Saturday, 1 January 2011

Catfish

What happens when you add someone you don't know as a 'friend'? A world where internet dating is the norm? Where faceless social networking can allow anything to happen? Well you probably get a bunch of guys with hard-on's pissing about, a bit like this ...


Before I begin, I heard about this film months and months ago when it was making a ripple in the festival circuit - that isn't bragging, it's because unfortunately researching the film, I uncovered the ending by accident. Which means that I already knew what was going to happen coming into the film, which probably ruins it from the start.

I also heard a lot of stuff about it being fake, that the guys knew way before they 'find out' but Metro kept going on about how amazing it is and a few friends have said it's incredible. Unfortunately, I'd disagree and I actually think it was quite horrible to watch, for reasons that might not be apparent.

In case you don't already know, Nev is starting to flirt with a girl on Facebook called Meghan and his brother is filming it as it goes along. It starts off quite strange anyway, Nev has been sent a painting of his photo by Abi, an eight year old girl, he starts chatting to her and they become pen pals. I found this a bit strange in the first place, a 24 year old man shouldn't have an 8 year old female pen pal but, whatever, I'll let it slide. Soon he starts talking to the mother, who looks hot and he fancies her too, but then the 19 year sister of Abi called Meghan pops into the picture. He starts texting her and flirting as well. It's all quite disgusting really but portrayed in a sweet fashion. The art Abi paints is also shit, the phone calls feel awkward and it's not until the music comes into play that they start realising something is wrong.

The problem is, I can see why people think it's fake. For the rest of the film, Nev has a knowing smile on his face and in the last half hour or so, as awkward as it is, they are clearly revelling in the boyish nature of knowing they've found a story. Nev isn't gutted, he's not embarrassed, he's enjoying the results and as sad as it is, it's exploiting this sadness. It's looking down on someone, almost mocking them by even releasing the film and yet patronises the audience by trying to make it sympathetic and sweet. Nev is your everyday middle-class male, he has his Macbook, he photographs dancers, he's mixed race in a central city, he's good looking and he's pretty much like every person who goes to a film festival. This will probably upset people but it's true. When they enter the suburbs, a farm, when they see the kind of people, the lives they lead, it has no real effect on them, they can up and leave it and look back and laugh, but the others can't. The way it is dealt with in the trailer is as a horror, the city folks fear of suburbia (see Texas Chainsaw Massacre, Deliverance, The Hills Have Eyes etc.) and it's not very fair.

I felt that even though, as a basic story, it worked by being quite tense and enjoyable and that it's subject matter is very modern but it becomes less about social networking and more about society. At one point, without trying to ruin it, the subject says "You gave me access to a life I could only dream of" - or something or other - and as scary as it might first appear, it's mainly just sad. Sometimes they have to just imagine living the lives people are luckily handed, that through this faceless media they can be someone else, they can live the lives they want and it's a question of who is taking advantage of who. In a strange way, they needed each other. Even if the Nev's one was more base perhaps.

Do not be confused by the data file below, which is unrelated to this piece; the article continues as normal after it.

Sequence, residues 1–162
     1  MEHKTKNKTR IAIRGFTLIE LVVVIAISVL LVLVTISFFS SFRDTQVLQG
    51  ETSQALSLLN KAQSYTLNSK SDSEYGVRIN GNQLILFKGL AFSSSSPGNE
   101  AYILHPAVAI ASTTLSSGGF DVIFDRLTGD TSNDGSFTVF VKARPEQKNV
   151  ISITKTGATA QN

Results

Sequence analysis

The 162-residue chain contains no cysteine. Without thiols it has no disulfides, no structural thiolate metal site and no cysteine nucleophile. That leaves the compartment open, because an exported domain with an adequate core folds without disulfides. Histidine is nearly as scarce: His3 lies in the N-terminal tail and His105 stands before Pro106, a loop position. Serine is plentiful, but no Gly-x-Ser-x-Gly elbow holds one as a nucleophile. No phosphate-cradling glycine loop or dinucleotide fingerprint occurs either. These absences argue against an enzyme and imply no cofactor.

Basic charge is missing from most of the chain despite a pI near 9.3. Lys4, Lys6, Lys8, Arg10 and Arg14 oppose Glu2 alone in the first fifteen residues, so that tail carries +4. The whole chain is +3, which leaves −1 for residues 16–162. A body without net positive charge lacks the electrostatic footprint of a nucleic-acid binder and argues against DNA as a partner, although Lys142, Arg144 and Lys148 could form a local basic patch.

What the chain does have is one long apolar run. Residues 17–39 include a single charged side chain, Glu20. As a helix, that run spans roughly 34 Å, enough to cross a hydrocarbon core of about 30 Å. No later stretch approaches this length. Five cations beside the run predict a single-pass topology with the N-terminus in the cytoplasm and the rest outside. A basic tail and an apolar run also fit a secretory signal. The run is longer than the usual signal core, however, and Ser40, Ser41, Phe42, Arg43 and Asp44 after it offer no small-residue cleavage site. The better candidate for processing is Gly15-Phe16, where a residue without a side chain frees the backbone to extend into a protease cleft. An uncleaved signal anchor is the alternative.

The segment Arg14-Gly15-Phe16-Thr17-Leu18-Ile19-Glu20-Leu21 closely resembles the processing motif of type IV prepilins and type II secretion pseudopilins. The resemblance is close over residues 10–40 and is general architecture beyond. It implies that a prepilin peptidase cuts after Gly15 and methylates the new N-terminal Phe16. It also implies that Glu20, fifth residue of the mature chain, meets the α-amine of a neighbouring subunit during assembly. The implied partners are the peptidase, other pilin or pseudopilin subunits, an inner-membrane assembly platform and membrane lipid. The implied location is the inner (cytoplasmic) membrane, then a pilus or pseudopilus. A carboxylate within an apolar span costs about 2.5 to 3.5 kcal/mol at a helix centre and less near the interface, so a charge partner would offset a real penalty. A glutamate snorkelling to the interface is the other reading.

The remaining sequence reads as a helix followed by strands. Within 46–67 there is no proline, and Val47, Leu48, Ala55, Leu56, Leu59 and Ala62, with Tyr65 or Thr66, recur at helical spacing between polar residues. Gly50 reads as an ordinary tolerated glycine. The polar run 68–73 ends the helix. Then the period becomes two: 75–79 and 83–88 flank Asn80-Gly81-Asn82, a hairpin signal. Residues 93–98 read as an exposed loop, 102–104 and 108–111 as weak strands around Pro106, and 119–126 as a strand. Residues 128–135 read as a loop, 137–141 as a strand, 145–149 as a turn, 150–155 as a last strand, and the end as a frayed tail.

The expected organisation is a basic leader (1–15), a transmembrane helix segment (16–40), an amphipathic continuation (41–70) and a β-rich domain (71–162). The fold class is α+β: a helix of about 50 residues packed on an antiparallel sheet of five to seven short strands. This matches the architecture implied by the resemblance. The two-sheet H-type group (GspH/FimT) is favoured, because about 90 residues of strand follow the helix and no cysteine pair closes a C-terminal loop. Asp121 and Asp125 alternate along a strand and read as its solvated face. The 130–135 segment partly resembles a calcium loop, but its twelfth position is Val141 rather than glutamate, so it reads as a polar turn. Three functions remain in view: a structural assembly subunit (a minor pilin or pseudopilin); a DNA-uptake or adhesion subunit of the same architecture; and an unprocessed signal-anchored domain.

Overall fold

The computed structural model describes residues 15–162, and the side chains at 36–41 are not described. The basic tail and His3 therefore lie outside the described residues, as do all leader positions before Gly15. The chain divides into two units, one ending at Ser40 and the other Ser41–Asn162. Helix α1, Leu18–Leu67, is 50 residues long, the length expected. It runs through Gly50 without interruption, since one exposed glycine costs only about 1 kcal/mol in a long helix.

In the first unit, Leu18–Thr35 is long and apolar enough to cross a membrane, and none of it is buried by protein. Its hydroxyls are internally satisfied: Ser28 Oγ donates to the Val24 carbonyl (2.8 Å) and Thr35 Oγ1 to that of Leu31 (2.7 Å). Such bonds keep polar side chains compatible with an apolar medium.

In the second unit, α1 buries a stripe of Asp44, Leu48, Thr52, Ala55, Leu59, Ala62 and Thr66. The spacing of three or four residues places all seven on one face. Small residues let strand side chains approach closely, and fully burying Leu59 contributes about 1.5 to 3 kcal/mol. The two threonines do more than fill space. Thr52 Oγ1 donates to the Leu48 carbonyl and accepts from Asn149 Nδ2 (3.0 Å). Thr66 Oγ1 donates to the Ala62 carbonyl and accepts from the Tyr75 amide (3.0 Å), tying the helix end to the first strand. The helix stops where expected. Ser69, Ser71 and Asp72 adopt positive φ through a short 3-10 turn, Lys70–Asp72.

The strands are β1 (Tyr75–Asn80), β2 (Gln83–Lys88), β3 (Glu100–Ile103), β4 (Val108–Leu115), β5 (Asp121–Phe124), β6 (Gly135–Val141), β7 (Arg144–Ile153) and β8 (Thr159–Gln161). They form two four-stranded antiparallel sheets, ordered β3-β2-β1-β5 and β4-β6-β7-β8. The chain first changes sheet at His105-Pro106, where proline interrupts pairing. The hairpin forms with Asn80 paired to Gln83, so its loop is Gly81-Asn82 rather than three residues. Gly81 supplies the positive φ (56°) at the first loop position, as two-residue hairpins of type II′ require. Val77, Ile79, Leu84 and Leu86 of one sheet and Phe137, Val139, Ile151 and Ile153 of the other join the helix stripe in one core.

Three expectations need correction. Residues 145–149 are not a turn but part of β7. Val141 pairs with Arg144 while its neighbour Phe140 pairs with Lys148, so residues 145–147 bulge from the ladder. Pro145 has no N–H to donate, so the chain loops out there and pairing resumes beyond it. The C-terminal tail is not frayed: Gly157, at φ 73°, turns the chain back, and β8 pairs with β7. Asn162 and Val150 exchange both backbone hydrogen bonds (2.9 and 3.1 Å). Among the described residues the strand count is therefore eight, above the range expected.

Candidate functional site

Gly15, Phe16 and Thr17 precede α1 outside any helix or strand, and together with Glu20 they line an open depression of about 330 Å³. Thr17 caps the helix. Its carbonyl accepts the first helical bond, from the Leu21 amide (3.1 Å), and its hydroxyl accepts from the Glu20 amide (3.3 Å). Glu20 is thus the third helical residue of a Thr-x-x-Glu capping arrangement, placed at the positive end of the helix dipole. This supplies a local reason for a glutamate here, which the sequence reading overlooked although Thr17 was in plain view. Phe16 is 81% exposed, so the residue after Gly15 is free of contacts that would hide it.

Once the truth is found out, they stay there for a bit too long, they ask questions and pry into their lives. It's embarrassing to watch, especially since the subject in question is clearly a bit mental and it's almost poking fun under the guise of being serious. Whether or not people think it's fake, they can't deny that the guys knew that they had a film on their hands.

Overall, it's a good film to watch the once and if you've ever had a strange Friend Request on Facebook or if you've ever done online dating you'll probably enjoy it more, but really I felt it was strange from the beginning and got stranger as it continued. There's lying, but then there's another level of lying where it becomes a mental health problem and to exploit it, in the cleverest way of not exploiting it by making it a 'twist', then it becomes sensationalist. It's just cashing in on the whole Facebook popularity thing anyway whether it means to or not. I didn't like the guys involved, I didn't like the way the film was handled and I think underneath the fa├žade of it being a film about the dangers of Facebook, it's a horrible, selfish, mocking way of doing so. But saying that, I can't help but admit I enjoyed watching it, and clearly a lot of other people do as well, but I'm a bit worried that people are taking a bit too much pleasure in watching it and it's most certainly not particularly well made. It's a story - that's all, and they got lucky. They don't make the film what it is, the subject does. The idea of the catfish is also interesting, I think it leaves you with the thought of who the real 'catfish' is and, to some extent, it does inspire a lot of questions, but really I felt like this was three guys having a laugh and the tone displeased me. A decent watch and will make some interesting water cooler moments, but essentially nothing more than that. Go watch Black Swan.

Rating: 6/10

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